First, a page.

March 31, 2006 in City

Shock awe Spokane

By The Spokesman-Review
 
Jed Conklin photo

Fans cheer as the Spokane Shock enter the Spokane Arena for the first time Thursday night.
(Full-size photo)

It was definitely the place to be in Spokane on a Thursday night, the perfect cure to a winter’s worth of cabin fever.

The pyrotechnics added a nice flair to the occasion. The floodlights sweeping over the AstroTurf field, and jock rock music added to the energy.

The mascot Shox the Fox was well received, only to be upstaged by the testosterone-fueled fan base’s favorite foxes – the dance team.

And yes, there was the competition as the Spokane Shock made its arenafootball2 debut at the Spokane Arena. The attendance was 9,386 in the 9,900-seat building as the Shock defeated the Stockton Lightning, 41-40. The inauguration was indeed a win-win situation.

“Now that it’s here, it’s just so much fun to see,” said Shock owner and CEO Brady Nelson, looking over the Arena as the seats began to fill. “I really feel like a kid in a candy store.”

The night also was sweet for 42-year-old Rob Mills.

In arena ball, fans are allowed to keep footballs that land in the stands, which amount to about 20 to 25 a game. About two minutes after the kickoff, Mills got the first souvenir when Shock quarterback Alex Neist misfired a pass that sailed into the second row.

“The first thing he said when we found out arena football is coming to Spokane is that you can keep the ball in arena football,” said Mills’ 21-year-old nephew, Joey Bivens.

Added a gleeful Mills, clutching the tan and navy blue ball: “It feels great. I’ve been waiting to come to an arena game for years, and I figured it would be a couple of years before I got my hands on a ball.”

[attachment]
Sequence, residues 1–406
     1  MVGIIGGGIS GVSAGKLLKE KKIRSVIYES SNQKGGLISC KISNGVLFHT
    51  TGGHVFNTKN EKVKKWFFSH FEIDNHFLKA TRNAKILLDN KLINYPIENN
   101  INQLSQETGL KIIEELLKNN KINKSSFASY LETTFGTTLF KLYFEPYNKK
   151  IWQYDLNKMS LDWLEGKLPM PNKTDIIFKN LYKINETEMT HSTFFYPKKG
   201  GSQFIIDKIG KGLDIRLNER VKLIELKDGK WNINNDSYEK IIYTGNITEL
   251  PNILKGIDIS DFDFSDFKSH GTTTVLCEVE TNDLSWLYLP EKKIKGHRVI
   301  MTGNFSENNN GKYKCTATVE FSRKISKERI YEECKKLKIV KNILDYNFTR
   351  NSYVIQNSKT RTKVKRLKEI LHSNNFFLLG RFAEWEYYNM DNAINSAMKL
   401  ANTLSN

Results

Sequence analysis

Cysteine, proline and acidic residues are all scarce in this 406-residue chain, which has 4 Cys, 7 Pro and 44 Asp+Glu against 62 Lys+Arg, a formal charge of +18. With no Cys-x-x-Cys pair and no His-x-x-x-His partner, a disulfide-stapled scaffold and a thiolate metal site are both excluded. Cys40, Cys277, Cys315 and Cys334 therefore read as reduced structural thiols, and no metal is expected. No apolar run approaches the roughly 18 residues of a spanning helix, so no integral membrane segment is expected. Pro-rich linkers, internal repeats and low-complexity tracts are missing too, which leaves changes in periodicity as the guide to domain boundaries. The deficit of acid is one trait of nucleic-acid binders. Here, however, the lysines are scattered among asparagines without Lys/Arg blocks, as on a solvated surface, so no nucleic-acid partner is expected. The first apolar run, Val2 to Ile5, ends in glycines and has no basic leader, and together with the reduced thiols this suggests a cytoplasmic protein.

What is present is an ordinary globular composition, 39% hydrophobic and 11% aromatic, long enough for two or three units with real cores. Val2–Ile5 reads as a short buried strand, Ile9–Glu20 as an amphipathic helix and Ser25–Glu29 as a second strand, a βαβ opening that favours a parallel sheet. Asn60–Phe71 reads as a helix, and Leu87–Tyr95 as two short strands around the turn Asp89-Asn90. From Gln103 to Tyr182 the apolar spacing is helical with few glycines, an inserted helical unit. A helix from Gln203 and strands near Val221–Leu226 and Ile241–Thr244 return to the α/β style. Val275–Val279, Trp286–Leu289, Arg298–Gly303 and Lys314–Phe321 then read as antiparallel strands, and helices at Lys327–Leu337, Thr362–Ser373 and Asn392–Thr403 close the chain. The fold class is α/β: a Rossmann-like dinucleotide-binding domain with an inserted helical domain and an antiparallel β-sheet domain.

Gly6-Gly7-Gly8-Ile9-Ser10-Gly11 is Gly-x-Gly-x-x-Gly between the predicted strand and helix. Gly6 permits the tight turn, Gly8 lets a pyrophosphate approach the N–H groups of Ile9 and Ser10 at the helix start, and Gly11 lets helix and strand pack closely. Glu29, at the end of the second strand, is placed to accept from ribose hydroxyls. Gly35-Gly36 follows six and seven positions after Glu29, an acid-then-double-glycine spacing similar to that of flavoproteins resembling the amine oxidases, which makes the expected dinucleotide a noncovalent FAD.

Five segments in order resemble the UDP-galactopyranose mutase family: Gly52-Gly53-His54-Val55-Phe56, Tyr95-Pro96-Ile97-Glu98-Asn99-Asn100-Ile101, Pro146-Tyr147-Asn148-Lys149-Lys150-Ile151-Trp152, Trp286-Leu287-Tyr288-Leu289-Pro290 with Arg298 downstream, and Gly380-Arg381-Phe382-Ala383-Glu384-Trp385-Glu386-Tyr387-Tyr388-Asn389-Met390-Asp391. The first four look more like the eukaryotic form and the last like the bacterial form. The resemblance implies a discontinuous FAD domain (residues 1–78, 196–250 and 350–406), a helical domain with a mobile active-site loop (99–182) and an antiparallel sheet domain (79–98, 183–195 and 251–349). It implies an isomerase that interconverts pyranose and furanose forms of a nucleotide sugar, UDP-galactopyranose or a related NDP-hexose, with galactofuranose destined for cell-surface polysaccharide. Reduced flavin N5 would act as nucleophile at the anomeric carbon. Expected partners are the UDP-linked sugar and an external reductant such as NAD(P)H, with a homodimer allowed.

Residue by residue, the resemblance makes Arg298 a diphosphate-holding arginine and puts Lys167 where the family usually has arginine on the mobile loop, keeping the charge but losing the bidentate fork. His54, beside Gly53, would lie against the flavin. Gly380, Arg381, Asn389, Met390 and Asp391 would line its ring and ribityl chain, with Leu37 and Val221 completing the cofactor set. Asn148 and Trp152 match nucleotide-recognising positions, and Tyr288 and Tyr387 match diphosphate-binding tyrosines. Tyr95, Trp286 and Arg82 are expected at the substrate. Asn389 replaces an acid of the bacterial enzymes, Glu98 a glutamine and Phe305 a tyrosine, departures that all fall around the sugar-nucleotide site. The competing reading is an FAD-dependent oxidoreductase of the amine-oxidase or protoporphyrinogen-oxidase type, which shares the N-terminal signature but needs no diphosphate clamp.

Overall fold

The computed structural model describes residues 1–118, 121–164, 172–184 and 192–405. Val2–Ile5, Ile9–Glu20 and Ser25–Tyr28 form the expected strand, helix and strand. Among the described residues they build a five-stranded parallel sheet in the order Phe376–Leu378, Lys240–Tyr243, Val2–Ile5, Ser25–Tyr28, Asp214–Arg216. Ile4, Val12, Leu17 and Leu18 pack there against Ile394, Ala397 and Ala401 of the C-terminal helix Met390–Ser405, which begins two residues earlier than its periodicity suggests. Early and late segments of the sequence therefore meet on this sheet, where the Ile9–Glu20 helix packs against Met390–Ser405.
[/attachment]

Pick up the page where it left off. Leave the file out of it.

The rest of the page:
Footballs aren’t the only parting gifts in the promotion-heavy world of arena ball. A team of young men and women outfitted in fluorescent lime-green T-shirts heaved Shock T-shirts into the crowd during timeouts.

Kevin Twohig, general manager of the Arena, likened the atmosphere to part Saturday night hockey crowd and part World Wrestling Entertainment.

“I think this is great,” said Justin King, 22, moments after receiving a T-shirt and Mexican restaurant coupon after winning the “search for the salsa” contest, blindfolded at midfield during a timeout. “I was a little skeptical at first, but there’s been so much buzz around this.”

Those who didn’t snag a T-shirt out of the hands of a neighboring fan had plenty of chances to buy one before Thursday’s game or at the Arena. Many fans showed up wearing bright orange Shock shirts that read “Electrifying Football,” making the Arena look all the more juiced up. The lines for merchandise before the game were longer than a Powerball line in Stateline, Idaho, when the jackpot reaches nine figures.

In future games, blue or yellow shirts will be the color of the day, representing the team colors.

“They’ve been selling like crazy,” said Dan Largan, a silk screener who makes the shirts at Cuda Buffalo Apparel. “I think this (af2) is going to be a blast.”

Brady, meanwhile, also was dressed in team colors, but the owner went upscale in his orange Polo dress shirt.

“This (af2) is something everyone can sink their teeth into,” he said. “We’ve had such a good outpour of people. They’re thanking me in letters and e-mails.”


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